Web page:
I can be very social. I love how board member and IRL friend Acev put it when he said “We can’t shut him up!” It just helps when there is a certain focus and rhythm to the conversation. Podcasts give me that focus and rhythm. They let me express myself verbally in a way that regular conversation doesn’t always. If I lead a conversation IRL for more than a few minutes, I get self-conscious that I am hogging the spotlight. When I host a podcast, not only do I feel comfortable leading a conversation, I know it is expected of me.
Therein lies my motivation for podcasting. Yes, I have received exposure that lead to opportunities as a game designer. Yes, I have been recognized by people I respect and have been told by strangers that they like what I do. Yes, I helped a medical technician get through a 60 hour shift during a hurricane. These are all amazing benefits of the podcast, but they are not what motivates me to write my outlines and charge up the mics every week. If all I wanted was some work or some attention, I doubt I would have gotten through my first year. I podcast because I love podcasting. I love podcasting because I get to express myself and that benefits a community in which I am happy to be a part, a community that, before things like podcasts, was much less of a community to me.
Podcasting and You
That’s what I get out of podcasting. What do you get out of it? That depends on what you are willing to put into it. Maybe you want to make a career out of it. No judging. Fair warning, however: Monetizing a podcast is rare and difficult, but not impossible. One of the most financially successful podcasts is the aforementioned Nerdist. I recently listened to some of the best advice for creating and maintaining something successful on the internet in The Nerdist 312: YouTube Titans. Chris Hardwick talks with Grace Helbig, Harley Morenstein, and Hannah Hart to talk about Daily Grace, Epic Meal Time, and My Drunk Kitchen. The humour gets crude, as is standard for The Nerdist, and the discussion wanders at times, but when they get down to talking about why they believe their YouTube channels have been successful (each regularly getting over a million hits an episode), the insight they offer is amazing. Among their aggregated theories on their success:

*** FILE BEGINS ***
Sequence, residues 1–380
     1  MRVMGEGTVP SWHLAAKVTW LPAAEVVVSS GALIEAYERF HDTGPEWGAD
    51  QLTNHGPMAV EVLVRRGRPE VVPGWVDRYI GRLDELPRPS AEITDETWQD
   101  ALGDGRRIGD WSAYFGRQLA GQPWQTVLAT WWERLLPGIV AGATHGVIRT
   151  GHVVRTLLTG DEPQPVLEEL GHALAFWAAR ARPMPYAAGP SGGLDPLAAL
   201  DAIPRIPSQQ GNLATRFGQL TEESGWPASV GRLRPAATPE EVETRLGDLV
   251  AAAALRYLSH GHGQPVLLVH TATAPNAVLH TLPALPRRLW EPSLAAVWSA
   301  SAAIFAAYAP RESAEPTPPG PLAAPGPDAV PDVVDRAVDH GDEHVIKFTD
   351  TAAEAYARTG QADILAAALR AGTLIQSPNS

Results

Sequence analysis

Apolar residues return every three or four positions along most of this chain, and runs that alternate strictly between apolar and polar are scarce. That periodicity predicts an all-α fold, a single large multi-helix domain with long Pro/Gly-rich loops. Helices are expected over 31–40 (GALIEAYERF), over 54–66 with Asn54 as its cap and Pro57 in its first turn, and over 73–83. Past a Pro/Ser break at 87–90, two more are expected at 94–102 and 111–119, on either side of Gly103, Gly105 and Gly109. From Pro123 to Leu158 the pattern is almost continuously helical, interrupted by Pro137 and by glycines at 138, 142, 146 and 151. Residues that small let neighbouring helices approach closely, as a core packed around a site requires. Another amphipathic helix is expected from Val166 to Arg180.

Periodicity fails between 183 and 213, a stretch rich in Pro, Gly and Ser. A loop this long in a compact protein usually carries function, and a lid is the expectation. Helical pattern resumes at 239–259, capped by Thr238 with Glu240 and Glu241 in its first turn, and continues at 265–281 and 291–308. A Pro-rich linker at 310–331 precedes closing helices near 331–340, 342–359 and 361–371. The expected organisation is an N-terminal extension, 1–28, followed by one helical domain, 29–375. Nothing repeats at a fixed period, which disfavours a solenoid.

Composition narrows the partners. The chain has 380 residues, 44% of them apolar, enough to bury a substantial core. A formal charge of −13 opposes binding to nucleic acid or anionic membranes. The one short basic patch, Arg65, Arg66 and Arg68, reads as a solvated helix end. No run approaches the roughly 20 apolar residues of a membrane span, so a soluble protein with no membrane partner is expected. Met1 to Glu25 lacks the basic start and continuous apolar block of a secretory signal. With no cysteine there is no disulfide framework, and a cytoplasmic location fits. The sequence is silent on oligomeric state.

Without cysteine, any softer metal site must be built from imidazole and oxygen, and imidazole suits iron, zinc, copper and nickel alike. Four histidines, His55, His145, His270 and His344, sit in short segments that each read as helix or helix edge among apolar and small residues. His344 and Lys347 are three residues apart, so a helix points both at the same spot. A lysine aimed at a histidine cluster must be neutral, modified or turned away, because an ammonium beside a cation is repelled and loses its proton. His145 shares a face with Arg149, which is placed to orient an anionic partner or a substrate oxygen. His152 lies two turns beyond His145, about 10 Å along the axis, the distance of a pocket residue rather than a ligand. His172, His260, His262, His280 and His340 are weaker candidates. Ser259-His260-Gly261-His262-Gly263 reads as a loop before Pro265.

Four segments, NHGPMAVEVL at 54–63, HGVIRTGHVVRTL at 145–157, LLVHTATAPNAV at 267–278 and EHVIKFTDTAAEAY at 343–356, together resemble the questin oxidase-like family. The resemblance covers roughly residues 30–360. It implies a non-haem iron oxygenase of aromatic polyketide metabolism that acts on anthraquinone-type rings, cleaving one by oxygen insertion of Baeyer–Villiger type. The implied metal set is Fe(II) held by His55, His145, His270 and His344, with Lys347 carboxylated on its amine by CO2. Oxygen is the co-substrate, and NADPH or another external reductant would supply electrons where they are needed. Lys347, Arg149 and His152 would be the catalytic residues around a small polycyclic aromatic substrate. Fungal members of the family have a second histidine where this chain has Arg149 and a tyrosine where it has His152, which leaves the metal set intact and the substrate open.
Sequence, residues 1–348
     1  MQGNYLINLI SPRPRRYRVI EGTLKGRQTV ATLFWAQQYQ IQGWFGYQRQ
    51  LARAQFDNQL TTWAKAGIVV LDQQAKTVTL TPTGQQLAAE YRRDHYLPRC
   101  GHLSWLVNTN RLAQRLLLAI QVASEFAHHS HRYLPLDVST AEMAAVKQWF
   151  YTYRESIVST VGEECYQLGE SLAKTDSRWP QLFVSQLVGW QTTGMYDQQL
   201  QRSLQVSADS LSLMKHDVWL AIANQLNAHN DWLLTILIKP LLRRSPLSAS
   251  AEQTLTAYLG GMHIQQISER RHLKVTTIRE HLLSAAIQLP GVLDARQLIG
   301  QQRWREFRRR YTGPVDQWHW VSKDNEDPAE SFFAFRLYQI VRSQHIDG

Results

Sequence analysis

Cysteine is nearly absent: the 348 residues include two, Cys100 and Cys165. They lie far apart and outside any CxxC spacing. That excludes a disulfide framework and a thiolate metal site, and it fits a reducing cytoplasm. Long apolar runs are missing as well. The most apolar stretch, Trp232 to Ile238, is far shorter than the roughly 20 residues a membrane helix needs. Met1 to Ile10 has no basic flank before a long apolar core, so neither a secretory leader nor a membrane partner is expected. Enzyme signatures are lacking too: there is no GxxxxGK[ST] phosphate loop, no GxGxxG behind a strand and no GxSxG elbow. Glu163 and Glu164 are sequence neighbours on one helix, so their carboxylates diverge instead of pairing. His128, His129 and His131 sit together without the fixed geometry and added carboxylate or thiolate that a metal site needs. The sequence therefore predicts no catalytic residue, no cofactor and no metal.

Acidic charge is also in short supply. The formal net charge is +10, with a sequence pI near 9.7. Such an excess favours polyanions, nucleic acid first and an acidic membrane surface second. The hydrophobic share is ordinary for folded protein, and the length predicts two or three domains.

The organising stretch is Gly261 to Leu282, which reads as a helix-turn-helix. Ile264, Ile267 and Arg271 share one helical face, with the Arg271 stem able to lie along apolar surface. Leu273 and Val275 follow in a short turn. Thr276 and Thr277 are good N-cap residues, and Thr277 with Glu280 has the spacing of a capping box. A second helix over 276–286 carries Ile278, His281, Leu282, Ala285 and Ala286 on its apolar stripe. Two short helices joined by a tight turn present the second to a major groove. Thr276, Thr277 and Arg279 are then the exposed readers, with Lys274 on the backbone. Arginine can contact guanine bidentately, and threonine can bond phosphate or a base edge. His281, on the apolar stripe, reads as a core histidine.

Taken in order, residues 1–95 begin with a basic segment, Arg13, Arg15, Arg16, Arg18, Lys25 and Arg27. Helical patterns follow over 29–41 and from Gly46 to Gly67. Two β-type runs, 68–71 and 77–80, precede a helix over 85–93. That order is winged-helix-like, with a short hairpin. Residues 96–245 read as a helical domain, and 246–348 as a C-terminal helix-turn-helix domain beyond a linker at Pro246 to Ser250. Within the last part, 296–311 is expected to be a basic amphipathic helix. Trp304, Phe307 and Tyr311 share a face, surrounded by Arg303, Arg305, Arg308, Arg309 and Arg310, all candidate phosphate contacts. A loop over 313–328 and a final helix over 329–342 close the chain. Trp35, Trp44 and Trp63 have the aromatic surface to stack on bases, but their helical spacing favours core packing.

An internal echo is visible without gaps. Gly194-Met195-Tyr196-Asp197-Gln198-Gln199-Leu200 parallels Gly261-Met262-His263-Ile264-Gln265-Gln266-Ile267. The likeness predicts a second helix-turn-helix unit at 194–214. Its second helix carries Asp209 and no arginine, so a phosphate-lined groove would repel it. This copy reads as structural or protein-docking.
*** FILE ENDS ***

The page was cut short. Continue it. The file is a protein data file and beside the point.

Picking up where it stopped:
Integrity: Even if the hosts of Epic Meal Time and playing characters, the enthusiasm they bring to their show is palatable. Oh! That was a pun. Snuck up on me. These guys just go out there and put on a big show about terrible food without worrying about etiquette or calories. They aren’t appealing to a target market, or meeting with focus groups, or using their show as a platform to reach mainstream work. The return on investment, be it money, or attention, or credit, is so often so low, that if everything on the internet that was done out of love suddenly disappeared, there would be no internet.
Consistency: Having an audience means meeting expectations. You might say that this is free entertainment and an audience should not feel entitled to anything but what you want at that exact moment. I have never agreed with that, and I have heard it often enough. Staying within a certain release schedule and following a certain format heavily influences how likely your audience is to build. That does not mean you need daily content. That means if you promise daily content, you better deliver it. If you can’t, at least let your audience know why.
Transparency: The days of one-way entertainment are gone. When I was in high school, I wrote Seth Green a fan letter to let him know I was a huge fan of his work. When I was in college, I paid to see a live reading of a Family Guy episode and got to ask Seth Green a question. It felt like a once in a lifetime opportunity. Today, if I want to tell Seth Green I’m a fan, I can tweet him. He’s a legitimate celebrity. If any fame you amass is built on being an average Joe (or Jo) and turning a passion into a success, you are still expected to be an average Joe. Average Joes answer e-mails, comments, and tweets. Even if you somehow end up with followers in the thousands. Even if they are very active. Some will be awesome people who you would hang out with anyone. Some will be polar opposites of you that you share exactly one thing in common with.
These are all ideas we will explore in the future, as well as choosing your format and release schedule, technical stuff, and maybe even that whole list of topic ideas I wrote down and can’t seem to find. Before we go, if you are seriously considering starting your own podcast, here are two questions you should ask yourself:
1. What do you think you will get out of podcasting?
2. What do you see as your biggest obstacle to podcasting?